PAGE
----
Postmenopausal women taking aromatase inhibitors (AIs) for hormone receptor-positive breast cancer may find safe relief from adverse side effects with vaginal testosterone and estrogen preparations.
Vaginal Testosterone Cream vs Estradiol Vaginal Ring for Vaginal Dryness or Decreased Libido in Women Receiving Aromatase Inhibitors for Early-Stage Breast Cancer: A Randomized Clinical Trial
Authors: Melisko, M.E., et. al.
Source: JAMA Oncol, doi:10.1001/jamaoncol.2016.3904
Postmenopausal women are usually placed on aromatase inhibitors (AIs) following initial treatment of hormone receptor-positive breast cancer. These medications work by blocking the production of estrogen. While that effect is very beneficial in reducing cancer recurrence and improving survival, it may also cause vaginal dryness, painful sexual intercourse (dyspareunia) and decreased libido.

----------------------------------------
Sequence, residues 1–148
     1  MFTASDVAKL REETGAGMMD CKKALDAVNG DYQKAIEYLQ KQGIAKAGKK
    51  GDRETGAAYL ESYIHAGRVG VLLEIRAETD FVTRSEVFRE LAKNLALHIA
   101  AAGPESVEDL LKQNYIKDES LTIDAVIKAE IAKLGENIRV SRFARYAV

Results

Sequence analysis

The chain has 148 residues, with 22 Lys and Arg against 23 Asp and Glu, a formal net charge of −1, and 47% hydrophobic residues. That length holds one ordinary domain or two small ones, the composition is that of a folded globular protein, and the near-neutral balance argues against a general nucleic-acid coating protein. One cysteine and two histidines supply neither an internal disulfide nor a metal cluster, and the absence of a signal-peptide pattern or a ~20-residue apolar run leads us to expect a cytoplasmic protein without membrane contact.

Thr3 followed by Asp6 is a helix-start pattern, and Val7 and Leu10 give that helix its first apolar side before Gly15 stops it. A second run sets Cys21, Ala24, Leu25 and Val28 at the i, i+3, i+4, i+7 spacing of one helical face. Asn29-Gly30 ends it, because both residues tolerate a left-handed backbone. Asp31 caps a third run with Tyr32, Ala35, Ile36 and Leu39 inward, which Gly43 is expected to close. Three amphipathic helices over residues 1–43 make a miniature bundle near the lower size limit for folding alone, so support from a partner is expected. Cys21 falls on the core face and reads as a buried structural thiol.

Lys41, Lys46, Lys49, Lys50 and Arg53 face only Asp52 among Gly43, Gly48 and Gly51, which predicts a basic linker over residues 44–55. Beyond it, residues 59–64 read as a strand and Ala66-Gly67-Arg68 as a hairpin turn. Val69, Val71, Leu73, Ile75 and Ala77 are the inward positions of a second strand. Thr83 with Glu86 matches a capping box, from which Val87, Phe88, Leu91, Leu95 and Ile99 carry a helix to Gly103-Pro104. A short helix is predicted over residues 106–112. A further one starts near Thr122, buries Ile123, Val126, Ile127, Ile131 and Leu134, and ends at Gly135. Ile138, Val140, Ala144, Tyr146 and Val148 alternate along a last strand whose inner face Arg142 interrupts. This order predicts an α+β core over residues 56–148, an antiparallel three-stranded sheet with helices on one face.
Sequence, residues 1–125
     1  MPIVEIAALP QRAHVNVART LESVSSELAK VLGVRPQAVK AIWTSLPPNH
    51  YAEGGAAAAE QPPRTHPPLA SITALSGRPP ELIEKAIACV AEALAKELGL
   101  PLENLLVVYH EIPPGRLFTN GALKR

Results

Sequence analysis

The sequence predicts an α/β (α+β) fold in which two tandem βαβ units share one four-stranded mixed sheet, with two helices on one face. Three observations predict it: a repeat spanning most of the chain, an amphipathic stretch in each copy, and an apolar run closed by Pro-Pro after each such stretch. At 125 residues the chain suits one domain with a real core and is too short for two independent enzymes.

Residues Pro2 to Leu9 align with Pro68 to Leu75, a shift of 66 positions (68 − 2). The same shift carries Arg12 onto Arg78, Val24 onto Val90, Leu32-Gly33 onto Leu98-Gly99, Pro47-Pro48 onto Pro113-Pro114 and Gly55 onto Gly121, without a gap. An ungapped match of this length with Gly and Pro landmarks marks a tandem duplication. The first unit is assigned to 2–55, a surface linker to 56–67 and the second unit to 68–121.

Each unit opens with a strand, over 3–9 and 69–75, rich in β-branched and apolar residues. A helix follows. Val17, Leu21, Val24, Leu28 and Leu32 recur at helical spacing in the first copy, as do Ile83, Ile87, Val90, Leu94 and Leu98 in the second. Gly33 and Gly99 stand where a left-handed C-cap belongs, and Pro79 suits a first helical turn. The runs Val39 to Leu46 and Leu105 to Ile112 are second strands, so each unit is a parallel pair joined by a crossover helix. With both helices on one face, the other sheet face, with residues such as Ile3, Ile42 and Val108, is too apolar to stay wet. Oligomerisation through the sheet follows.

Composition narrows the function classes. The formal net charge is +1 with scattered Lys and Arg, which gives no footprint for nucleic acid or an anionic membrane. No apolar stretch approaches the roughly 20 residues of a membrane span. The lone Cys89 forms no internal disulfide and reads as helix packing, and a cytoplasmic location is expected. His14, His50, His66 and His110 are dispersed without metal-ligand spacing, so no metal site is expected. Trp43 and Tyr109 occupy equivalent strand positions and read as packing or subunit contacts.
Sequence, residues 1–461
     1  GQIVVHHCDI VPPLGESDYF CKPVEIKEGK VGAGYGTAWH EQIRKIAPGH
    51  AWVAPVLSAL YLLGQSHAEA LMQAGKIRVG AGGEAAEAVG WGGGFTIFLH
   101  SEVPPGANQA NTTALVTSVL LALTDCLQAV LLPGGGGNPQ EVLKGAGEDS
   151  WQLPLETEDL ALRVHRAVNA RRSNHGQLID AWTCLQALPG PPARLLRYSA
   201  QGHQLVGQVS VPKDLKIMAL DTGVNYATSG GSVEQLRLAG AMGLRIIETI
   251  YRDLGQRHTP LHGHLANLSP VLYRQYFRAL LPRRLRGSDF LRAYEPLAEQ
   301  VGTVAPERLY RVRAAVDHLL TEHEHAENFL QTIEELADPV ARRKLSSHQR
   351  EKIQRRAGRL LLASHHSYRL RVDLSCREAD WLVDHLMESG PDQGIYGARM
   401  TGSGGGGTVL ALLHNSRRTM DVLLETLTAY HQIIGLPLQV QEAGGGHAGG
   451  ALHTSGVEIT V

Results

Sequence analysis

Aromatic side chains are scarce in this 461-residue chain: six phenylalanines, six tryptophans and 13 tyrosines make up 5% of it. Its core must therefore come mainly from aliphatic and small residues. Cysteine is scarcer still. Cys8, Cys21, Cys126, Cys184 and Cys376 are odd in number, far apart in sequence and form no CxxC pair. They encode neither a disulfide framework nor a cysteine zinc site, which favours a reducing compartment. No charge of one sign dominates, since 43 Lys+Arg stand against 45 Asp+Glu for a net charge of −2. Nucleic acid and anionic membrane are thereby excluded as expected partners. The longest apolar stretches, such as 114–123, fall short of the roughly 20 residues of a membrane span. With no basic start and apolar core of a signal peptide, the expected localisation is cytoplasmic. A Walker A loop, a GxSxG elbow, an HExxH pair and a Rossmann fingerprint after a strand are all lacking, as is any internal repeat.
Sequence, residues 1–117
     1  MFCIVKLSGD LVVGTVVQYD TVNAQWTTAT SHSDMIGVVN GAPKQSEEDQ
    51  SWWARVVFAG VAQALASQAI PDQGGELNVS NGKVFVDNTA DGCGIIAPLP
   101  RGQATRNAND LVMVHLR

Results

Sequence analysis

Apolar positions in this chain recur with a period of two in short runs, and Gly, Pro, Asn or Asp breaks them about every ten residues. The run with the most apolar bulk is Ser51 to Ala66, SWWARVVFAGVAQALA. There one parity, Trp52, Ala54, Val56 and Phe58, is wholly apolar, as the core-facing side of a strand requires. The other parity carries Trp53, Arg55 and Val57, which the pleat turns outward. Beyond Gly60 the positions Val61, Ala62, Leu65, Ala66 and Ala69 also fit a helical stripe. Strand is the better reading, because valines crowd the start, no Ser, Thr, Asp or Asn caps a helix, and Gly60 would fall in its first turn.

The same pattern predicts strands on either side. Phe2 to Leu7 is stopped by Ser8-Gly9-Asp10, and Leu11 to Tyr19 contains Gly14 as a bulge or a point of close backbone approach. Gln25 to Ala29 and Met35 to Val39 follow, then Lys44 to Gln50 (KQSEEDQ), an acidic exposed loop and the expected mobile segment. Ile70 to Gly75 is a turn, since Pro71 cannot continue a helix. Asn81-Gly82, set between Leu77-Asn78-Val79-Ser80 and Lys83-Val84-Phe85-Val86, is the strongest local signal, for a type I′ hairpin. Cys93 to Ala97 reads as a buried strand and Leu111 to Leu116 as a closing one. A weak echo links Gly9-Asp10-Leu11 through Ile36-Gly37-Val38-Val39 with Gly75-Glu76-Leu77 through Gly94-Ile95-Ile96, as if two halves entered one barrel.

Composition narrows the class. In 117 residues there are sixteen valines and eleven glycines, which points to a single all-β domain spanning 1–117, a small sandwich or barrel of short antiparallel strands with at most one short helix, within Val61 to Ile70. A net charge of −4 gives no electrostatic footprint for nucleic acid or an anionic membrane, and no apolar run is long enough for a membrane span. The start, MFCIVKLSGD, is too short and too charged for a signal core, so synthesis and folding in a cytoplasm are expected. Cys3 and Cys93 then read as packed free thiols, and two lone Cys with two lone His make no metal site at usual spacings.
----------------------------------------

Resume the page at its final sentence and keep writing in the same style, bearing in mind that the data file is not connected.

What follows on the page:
Studies have looked into different hormone preparations that may be useful and safe for this group of women. The investigators followed 68 women who were randomized to either an estradiol-releasing vaginal ring (ring) or intravaginal testosterone cream (IVT). Baseline estradiol (estrogen) levels were measured before starting the therapy, and then 4 and 12 weeks later.
Both treatment groups had transient elevations in estrogen levels. For most patients, the estrogen levels dropped to normal ranges at the follow up measurements. The elevations seen were within the ranges of safety.
Physical examinations revealed that signs of vaginal atrophy diminished significantly in both groups after 12 weeks of treatment. Moreover, women reported significant improvements in sexual interest and sexual function after 12 weeks of treatment.
This study shows that these two vaginal preparations improved sexual function and interest and relieved vaginal discomfort in postmenopausal women receiving AIs for breast cancer therapy. While there is concern that such treatment will elevate estrogen levels, this work showed that the elevations were transient, suggesting that this treatment is safe for this subset of women with breast cancer. The investigators recommend continued study of the long term effects of such vaginal preparations, and that women receiving them have their estrogen and testosterone levels checked regularly.